Bernard Ingham: Look beyond the stereotypes and the fossils of the past

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IT is said that I once described Sir Alec Douglas-Home in Labour’s Leeds Weekly Citizen as a fossil.

If so, I am amazed at my perspicacity because the 14th earl, as he was before he became Prime Minister, was truly the last of a line.

He marked the end of the aristocracy’s hold on power. Since then we have had nothing but commoners in No 10 – Harold Wilson, Ted Heath, Jim Callaghan, Margaret Thatcher, John Major, Tony Blair, Gordon Brown and now David Cameron.

Of course, some of them are or were commoner than others, but that is by 
the way.

Yet, 50 years on, you might think that the Tory Party was still a bunch of chinless, gradgrind Bullingdon Clubbers, determined to trample the plebs underfoot and, of course, rob them of their National Health Service.

This caricature of the modern Tory, most of whom were born with at best a stainless steel spoon in their mouths, is as astonishing as the Labour Party’s nostalgia for the supposed communal concern of the post-war economic and political consensus that Margaret Thatcher broke in 1979.

If losing 128m working days to strikes during the 1970s on top of Britain’s “I’m all right Jack” de-industrialisation of the 1960s represented communal concern, then I’m a Kalahari Bushman.

Don’t forget I covered the whole of this damaging period in our history when ordinary workers became pawns in the class war either as a labour correspondent or working for both Labour and Conservative governments that tried to reform industrial relations.

It beggars belief that the unions which beggared Britain are still Labour’s paymasters and actually put Ed Miliband in office if not yet in power. On this evidence, Labour is having far more difficulty escaping from its past than the Conservatives.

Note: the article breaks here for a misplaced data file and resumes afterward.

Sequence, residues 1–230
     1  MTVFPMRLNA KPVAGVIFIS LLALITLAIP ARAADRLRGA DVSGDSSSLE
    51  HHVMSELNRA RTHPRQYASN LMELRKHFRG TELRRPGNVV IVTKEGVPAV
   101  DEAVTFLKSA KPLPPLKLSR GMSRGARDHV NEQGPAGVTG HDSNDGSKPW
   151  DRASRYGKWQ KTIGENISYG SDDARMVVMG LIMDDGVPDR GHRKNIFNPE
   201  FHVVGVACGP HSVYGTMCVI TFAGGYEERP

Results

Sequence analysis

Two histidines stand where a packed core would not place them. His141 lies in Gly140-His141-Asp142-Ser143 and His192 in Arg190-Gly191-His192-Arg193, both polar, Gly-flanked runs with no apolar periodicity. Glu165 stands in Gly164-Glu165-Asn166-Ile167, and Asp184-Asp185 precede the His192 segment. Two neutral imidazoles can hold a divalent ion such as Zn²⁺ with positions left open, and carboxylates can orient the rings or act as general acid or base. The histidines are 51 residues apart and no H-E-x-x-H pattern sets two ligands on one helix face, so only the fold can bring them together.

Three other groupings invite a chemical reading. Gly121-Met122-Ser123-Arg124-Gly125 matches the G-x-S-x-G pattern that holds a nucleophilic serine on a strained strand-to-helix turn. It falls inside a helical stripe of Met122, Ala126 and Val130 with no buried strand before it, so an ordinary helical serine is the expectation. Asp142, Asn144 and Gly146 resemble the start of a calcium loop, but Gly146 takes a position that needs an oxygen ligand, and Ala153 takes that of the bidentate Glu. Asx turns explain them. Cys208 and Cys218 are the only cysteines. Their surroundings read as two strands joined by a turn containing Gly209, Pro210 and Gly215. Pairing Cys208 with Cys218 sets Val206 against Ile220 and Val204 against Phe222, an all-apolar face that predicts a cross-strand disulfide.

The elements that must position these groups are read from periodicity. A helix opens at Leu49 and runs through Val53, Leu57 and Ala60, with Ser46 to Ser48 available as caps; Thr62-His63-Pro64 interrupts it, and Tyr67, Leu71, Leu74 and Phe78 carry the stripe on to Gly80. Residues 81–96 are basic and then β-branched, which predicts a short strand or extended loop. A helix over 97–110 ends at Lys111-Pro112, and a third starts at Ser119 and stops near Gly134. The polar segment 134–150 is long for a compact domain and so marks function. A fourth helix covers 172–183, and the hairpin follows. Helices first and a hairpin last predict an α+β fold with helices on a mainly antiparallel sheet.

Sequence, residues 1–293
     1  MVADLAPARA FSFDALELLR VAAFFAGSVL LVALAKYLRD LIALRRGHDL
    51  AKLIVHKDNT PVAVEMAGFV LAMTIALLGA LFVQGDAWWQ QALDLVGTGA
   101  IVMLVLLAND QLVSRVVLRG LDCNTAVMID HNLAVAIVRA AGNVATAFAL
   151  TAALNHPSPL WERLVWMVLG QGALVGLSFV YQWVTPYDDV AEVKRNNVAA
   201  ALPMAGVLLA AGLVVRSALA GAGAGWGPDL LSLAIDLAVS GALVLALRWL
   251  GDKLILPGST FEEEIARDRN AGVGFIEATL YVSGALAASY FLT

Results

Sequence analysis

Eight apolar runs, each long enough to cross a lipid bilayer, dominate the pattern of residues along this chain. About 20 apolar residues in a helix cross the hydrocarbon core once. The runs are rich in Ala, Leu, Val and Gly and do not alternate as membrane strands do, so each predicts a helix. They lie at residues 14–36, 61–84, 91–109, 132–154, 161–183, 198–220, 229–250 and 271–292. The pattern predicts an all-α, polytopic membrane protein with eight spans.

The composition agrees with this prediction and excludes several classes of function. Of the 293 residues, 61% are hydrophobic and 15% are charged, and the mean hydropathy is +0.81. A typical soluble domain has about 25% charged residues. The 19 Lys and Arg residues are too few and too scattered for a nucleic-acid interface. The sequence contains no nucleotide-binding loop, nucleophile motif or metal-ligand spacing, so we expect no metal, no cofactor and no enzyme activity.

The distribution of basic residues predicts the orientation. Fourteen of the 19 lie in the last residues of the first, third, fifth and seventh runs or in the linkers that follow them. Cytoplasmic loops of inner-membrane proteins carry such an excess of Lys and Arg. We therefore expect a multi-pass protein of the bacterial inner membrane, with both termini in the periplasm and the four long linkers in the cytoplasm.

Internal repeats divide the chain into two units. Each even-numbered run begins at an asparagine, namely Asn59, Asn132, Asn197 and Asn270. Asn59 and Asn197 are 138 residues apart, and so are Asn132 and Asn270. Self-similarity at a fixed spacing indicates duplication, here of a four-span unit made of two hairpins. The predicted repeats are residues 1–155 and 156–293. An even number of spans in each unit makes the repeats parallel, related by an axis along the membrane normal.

Tony Blair got something right when he tried to hold Labour to the centre ground and resisted pressure statutorily to de-arm the state and re-arm the unions.

Which brings me to my earnest pre-election plea to the political parties. If we are to have another 91 days electioneering – as inevitably we are – let it be based on reality, not myth; rationality instead of fevered imagination.

You may well think that I am off my rocker if I see the remotest chance of reasoned debate in what has been written off as a dirty campaign even before much mud has been flung.

In fact, I recognise I am probably baying for the Moon. But as reasonable people we can at least try to prevent some of the manufactured mud from sticking.

First, leaving aside the various nationalist parties, I do not accept that any of the others – Tory, Labour, Liberal Democrats, UK Independence Party or Green – is in business to damage the UK. On the contrary, each would argue passionately that it exists to improve the lot of the people.

This being so, we have to look as dispassionately as we can at their manifestos and the beliefs and attitudes that lie behind them. In the light of history, what chance does their programme have of success? To what extent do they seek to unify the nation or pander to vested interests?

Do we really need another coalition, even acknowledging that the Lib Dems over the past five years have facilitated a recovery – albeit too slow and incomplete – from an unsustainable budget deficit?

Most important of all, given the muck that will be flying around, we need to ask ourselves how far the current caricatures of the parties are valid.

For my part, I do not look askance at those who seek to balance the nation’s books as soon as possible.

Matching expenditure to income is a basic necessity for the good of the people. I find it humanitarian to reduce benefits and so encourage work when, by common consent, the welfare state has been corrupted into encouraging idleness.

A state education system as variable in performance as the English weather clearly needs to be improved. One which fails to equip youngsters for work is a dangerous economic and social liability.

As for the sacred cow called the NHS, the risk here is not that individual parties will starve it of funds but that they will throw money at it instead of improving its performance.

As for Europe, it is a major threat to our economic recovery and a rational nation would seek to detach itself to find its own salvation in globalised trade.

If we ignore all this, we could become as fossilised as I found Sir Alec.